In 1988, CFC announced they would renovate the entire south side of the downtown square. This was referred to as “The Anchor Project” because it would ultimately catapult revitalization efforts downtown. This massive undertaking began with 13 buildings, which eventually reduced to ten, then, those ten merged into one, forming what is now Fountain Square.
March 2, 1985, Bill Pittman, a journalist for the Herald-Times newspaper, wrote, “A $50 million partnership of government and private enterprise is nearing fruition, bringing the central city back from the graveyard.”
Fountain Square’s collection of historic building’s construction dates ranges from 1859 – 1936. According to historical records, the building at the corner of East Kirkwood and South Walnut Street is one of two of the second oldest buildings on the downtown square.
The Showers Building, located in the CFC Business Plaza, was once the former home to the Showers Brothers Furniture Factory, named the largest in the world by the 1920s. Prominent for its saw-tooth roof, the building has been an important Bloomington landmark for over 100 years. In 1995, a partnership was formed between CFC Properties, the City of Bloomington, and the Bloomington Advancement Corporation to renovate the 200,000 square foot space. Today, the building serves as a center of activity for CFC, the City of Bloomington, and the Monroe County Government offices.
Renovation and preservation projects offer many benefits aside from making use of the existing embodied energy. The Federal Historic Preservation Tax Incentives program provides financial savings opportunities as well. It is known as the government’s most successful and cost-effective community revitalization program that offers incentives for certified historic and non-historic structures.2 To learn more about these incentives, visit www.nps.gov/tps/tax-incentives.htm.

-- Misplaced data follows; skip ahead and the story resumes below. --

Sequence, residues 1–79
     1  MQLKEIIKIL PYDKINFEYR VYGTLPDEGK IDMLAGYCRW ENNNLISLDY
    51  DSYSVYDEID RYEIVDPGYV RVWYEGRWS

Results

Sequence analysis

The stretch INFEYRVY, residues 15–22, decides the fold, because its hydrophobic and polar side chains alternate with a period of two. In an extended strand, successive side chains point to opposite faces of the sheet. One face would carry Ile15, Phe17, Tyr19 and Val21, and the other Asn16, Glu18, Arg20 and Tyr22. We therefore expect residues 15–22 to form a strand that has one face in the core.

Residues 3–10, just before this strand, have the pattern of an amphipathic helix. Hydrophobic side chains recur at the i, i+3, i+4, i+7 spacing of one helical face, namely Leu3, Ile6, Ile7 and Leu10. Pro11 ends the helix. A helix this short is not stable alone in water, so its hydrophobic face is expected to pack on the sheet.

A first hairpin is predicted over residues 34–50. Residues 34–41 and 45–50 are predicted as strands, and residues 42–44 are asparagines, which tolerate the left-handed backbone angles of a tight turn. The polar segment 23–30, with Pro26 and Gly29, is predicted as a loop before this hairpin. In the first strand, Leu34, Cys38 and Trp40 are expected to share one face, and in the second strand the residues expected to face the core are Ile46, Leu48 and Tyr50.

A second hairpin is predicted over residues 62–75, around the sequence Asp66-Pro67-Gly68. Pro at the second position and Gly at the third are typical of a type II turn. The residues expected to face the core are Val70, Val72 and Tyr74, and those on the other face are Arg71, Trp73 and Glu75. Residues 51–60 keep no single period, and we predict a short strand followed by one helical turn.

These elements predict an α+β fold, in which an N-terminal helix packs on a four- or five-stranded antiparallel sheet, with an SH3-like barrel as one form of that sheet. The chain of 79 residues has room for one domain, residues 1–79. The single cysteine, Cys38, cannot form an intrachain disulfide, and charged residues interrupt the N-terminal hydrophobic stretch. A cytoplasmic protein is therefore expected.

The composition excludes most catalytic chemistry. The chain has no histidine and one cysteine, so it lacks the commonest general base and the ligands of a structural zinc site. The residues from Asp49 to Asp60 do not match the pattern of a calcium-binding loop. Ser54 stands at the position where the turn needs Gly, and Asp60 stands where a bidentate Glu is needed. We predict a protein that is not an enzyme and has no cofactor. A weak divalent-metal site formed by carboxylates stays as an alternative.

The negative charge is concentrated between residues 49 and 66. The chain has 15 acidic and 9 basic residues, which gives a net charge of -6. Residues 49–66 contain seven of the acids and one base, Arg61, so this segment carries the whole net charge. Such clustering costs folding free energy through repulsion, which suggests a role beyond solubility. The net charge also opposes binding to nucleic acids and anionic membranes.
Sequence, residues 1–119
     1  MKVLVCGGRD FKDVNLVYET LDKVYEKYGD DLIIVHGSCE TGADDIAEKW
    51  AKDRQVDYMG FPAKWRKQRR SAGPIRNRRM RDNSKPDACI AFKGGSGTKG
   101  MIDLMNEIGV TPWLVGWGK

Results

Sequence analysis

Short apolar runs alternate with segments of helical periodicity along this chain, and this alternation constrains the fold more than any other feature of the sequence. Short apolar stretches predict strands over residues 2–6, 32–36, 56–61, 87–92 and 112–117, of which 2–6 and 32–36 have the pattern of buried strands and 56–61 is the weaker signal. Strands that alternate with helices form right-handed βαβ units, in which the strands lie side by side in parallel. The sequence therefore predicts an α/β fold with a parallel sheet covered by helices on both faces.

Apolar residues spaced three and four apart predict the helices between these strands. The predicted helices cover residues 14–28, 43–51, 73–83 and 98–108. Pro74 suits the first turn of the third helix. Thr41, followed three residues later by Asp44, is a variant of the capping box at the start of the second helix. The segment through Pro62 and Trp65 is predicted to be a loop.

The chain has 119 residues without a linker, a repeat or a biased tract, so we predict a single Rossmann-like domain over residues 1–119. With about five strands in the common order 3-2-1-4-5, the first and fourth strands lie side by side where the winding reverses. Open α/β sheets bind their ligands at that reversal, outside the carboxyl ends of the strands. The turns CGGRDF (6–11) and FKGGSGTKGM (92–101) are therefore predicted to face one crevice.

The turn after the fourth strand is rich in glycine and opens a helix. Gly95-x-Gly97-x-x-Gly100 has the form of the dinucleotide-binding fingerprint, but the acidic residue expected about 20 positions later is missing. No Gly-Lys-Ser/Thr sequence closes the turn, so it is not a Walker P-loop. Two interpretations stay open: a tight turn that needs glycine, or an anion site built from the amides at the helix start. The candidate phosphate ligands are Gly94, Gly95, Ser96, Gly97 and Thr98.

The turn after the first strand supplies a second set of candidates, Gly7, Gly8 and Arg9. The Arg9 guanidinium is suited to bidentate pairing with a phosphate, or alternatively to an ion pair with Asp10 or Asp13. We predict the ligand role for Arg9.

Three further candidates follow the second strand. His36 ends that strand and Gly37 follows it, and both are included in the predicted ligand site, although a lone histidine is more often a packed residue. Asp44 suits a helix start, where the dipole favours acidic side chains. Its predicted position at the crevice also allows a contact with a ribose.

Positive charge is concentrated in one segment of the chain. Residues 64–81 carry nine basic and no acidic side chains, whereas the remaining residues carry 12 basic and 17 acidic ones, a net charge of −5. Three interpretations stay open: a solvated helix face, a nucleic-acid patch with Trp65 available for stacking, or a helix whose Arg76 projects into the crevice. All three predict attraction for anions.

Efforts to preserve the downtown’s history, including its revitalization, may have started in the early 1980s, but efforts continue through CFC Properties and Downtown Bloomington Inc. (DBI), a Main Street America program. DBI is a non-profit that was started in 1984 to help continue the revitalization efforts. DBI’s mission today continues to focus on educating the public of the benefits of a strong downtown, to facilitate public and private partnerships, and to provide unified leadership to strengthen and support the heart of the city. To become a supporting member or to volunteer, please visit www.downtownbloomington.com.
By the Numbers
Year-to-date, CFC Properties has restored 34 buildings, 21 of which are listed on the National Register of Historic Places.
The benefits of the number of restoration projects CFC has led over the past 48 years are difficult to measure; however, their impact has been profound. Thousands of community jobs were created, several iconic buildings have been saved, including preserving the community’s history. Through it all, these efforts have helped curate a hometown that locals are proud to talk about, including a unique historic destination for visitors.
CFC Properties is committed to preserving the past and creating a better future by engaging and enriching the community through growth, philanthropy, equality, and education. The company strives to be a positive role model to its employees and the customers they serve.
Learn more about CFC, including its properties, by visiting www.cfcproperties.com.
1. Whole Building Design Guide. Sustainable Historic Preservation. Updated 08/26/2019. Retrieved from http://www.wbdg.org/resources/sustainable-historic-preservation,
accessed on 04/22/2021.
2. National Park Service U.S. Department of the Interior. Tax Incentives for Preserving Historic Properties. Retrieved from https://www.nps.gov/tps/tax-incentives.htm, accessed on 04/22/2021.